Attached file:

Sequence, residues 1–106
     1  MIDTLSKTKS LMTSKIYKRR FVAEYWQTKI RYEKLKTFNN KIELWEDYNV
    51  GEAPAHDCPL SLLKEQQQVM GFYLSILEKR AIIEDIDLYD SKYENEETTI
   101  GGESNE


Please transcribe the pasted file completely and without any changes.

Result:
Sequence, residues 1–106
     1  MIDTLSKTKS LMTSKIYKRR FVAEYWQTKI RYEKLKTFNN KIELWEDYNV
    51  GEAPAHDCPL SLLKEQQQVM GFYLSILEKR AIIEDIDLYD SKYENEETTI
   101  GGESNE